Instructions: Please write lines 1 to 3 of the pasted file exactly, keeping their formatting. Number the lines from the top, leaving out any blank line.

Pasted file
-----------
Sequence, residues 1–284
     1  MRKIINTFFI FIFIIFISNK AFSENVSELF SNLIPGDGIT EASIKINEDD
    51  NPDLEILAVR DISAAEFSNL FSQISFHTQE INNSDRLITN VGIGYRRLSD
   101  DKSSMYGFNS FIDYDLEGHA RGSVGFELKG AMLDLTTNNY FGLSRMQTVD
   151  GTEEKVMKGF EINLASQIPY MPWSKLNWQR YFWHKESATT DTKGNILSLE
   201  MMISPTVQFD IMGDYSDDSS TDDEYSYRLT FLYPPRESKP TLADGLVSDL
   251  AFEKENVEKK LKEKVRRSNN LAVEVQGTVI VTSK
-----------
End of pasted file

Sequence, residues 1–284
     1  MRKIINTFFI FIFIIFISNK AFSENVSELF SNLIPGDGIT EASIKINEDD
    51  NPDLEILAVR DISAAEFSNL FSQISFHTQE INNSDRLITN VGIGYRRLSD